Teach All Nations: The Use Of The Heidelberg Catechism In North America And Throughout The Non-European World -- By: Joel R. Beeke

Journal: Westminster Theological Journal
Volume: WTJ 78:2 (Fall 2016)
Article: Teach All Nations: The Use Of The Heidelberg Catechism In North America And Throughout The Non-European World
Author: Joel R. Beeke


Teach All Nations:
The Use Of The Heidelberg Catechism
In North America And Throughout
The Non-European World

Joel R. Beeke

and

Eric D. Bristley

The Heidelberg Catechism has become widely used and greatly loved outside of its birthplace. Several factors have contributed to its appeal. The first is the catechism’s summary of biblical truth, which captures both the simplicity and profundity of Bible doctrine. The catechism crystallizes the Christian faith of the Reformers of the sixteenth century, especially John Calvin. It also maintains continuity with the early church in its threefold structure of the creed, the law, and the Lord’s Prayer.

A second reason for the catechism’s widespread influence is its design for training young people and adults in Reformed doctrine and practice. Though its lengthiness is sometimes faulted, the catechism offers a comprehensive treatment of Christian doctrine. Its formulations and question-and-answer format endeared the catechism to those who sought the articulation of a consistent biblical-theological worldview. Its division into fifty-two Lord’s Days also provided an orderly method of instruction.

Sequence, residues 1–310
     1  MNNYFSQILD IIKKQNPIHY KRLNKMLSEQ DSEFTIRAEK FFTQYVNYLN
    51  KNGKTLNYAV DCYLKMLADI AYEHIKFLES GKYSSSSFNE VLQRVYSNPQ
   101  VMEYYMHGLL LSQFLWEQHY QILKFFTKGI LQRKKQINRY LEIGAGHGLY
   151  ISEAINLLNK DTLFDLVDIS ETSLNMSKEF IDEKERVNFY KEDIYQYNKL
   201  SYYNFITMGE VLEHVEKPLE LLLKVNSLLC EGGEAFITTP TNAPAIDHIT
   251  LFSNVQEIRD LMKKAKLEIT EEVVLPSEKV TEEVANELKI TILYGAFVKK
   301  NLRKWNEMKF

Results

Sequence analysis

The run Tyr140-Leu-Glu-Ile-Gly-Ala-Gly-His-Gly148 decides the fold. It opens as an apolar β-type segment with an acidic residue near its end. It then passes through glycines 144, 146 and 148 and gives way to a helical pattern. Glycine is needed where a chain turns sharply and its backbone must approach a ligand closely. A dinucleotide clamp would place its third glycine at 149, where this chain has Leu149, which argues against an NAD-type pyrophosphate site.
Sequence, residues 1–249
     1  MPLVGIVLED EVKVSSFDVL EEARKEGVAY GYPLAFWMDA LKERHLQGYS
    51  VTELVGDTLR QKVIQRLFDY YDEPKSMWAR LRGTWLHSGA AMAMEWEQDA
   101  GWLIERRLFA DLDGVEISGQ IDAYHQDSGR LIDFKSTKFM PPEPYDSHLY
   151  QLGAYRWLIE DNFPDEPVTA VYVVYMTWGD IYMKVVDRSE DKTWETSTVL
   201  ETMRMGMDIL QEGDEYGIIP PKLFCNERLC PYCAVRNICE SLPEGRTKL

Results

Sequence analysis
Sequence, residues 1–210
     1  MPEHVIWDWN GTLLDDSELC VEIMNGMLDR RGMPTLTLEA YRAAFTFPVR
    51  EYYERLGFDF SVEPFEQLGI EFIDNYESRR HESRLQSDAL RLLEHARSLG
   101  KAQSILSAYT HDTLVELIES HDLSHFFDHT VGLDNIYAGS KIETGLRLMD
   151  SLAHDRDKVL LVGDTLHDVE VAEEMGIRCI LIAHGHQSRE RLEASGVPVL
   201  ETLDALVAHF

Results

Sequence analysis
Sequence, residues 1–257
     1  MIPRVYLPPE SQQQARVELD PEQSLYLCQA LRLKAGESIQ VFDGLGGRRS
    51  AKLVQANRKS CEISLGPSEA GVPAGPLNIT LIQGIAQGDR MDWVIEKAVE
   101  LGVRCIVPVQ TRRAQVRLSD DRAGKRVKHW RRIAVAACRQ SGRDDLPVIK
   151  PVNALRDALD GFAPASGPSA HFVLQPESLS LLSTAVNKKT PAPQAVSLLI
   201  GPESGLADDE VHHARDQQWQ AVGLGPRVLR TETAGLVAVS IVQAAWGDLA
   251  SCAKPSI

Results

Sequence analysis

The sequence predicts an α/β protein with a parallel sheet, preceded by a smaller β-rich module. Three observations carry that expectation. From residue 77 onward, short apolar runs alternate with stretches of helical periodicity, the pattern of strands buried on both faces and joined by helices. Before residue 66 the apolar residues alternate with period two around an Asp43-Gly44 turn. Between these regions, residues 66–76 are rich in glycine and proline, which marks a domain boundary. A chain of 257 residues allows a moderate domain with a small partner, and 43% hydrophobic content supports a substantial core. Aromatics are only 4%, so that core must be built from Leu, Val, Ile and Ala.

Third, the Elector Frederick’s (1515–1576) wisdom in devising the catechism as a means of instruction enabled the Reformed movement to spread a unified theology. The catechism’s endorsement by consistories and synods in Germany, the Netherlands, Hungary, and Switzerland established it as a defining document of the Calvinistic Reformation. The approval of the Synod of Dordrecht (1618–1619) further confirmed the catechism’s function as a standard of faith and life for the Reformed movement throughout the world.

Fourth, congregations and schools diligently used the catechism as an essential part of Christian training. It is unlikely that the catechism would have had lasting significance had not pastors and schoolmasters implemented its use in the educational ministry of their churches and schools.

The transmission, reception, use, and influence of the catechism can be documented by the number of editions in print, ecclesiastical decisions, subscription to the catechism by church officers and seminary professors,

publications explaining its doctrine, and translations and redactions such as the Compendium (Kort Begrip). Still, it is far easier to trace the bibliographical history of the catechism’s text and supporting literature than to evaluate its personal impact on people’s lives.

I. The Catechism Planted In The New World

Henry Hudson, a British sea captain, was hired by the ...

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